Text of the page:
“(My Bonner experience helps me) understand students from different backgrounds and ability to work with people all around campus, to make choices that will try and benefit not only the Allegheny students, but the staff as a whole,” Latifi said in her campaign. “I believe that the position as a senator will aid in my growth in understanding ‘real world’ issues that students struggle with, and I can aid in the supportive effort to develop solutions to problems that adversely impact the student population we are serving.”After each candidate delivered their speech, the candidates participated in a  question-and-answer session.

Questions were posed by the students in attendance and ranged from how candidates would get the funds for activities and other clubs to the measures they would take to make dining options at Allegheny more inclusive.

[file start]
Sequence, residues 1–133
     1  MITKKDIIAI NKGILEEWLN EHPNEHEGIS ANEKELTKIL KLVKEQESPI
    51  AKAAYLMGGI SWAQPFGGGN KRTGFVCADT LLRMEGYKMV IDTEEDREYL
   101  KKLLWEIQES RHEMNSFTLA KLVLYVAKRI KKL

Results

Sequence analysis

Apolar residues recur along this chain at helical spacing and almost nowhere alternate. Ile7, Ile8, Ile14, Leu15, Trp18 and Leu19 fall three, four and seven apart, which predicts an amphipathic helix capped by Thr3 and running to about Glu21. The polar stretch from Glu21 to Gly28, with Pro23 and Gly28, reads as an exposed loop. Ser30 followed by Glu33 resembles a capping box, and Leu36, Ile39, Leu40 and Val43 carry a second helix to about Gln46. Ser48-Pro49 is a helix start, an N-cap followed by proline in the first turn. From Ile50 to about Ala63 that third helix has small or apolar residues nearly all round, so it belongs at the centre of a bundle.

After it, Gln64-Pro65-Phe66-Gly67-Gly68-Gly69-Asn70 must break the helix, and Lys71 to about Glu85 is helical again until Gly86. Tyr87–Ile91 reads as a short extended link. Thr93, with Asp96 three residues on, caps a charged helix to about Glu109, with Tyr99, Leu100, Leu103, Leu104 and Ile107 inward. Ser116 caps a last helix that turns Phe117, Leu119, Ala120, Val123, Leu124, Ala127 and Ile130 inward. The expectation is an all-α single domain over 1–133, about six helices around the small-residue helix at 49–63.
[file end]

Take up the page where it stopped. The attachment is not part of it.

“While there may be a bit of an increase (in the cost of meal plans), the foundation of getting better food is not increasing the prices of the meal plans,” Colabawalla said.

Colabawalla said that he would like to see higher quality ingredients to create better quality food without making students pay more.

Another inquiry was how candidates would manage to balance their other extracurriculars with their ASG duties, if they were to be elected.

“As of right now, I’ve done a pretty good job of managing my time,” Estrada-Hernandez said.

Estrada-Hernandez said she uses Google Calendar and Notion to help schedule her activities and keep herself organized.

“All of you as students have different interests and different clubs … I would be able to cater to that as well,” Estrada-Hernandez said.

Colabawalla said that he has always participated in many extracurriculars but said that would not take away from ASG duties.

“I’m willing to skip a rugby practice to take care of what you guys require first,” Colabawalla said.

Gallagher said he ultimately decided not to take up track or soccer in college so he could devote his time fully to academics and clubs.

“I wanted to pursue things like this,” Gallagher said. “Now my time is solely dedicated to the clubs and organizations and the head of the clubs and organizations and ASG.”

Senate elections will be held via a Google Form from 8 a.m. Sept. 16 to 5 p.m. Sept. 17. Winners will be announced by 5 p.m. on Sept. 18.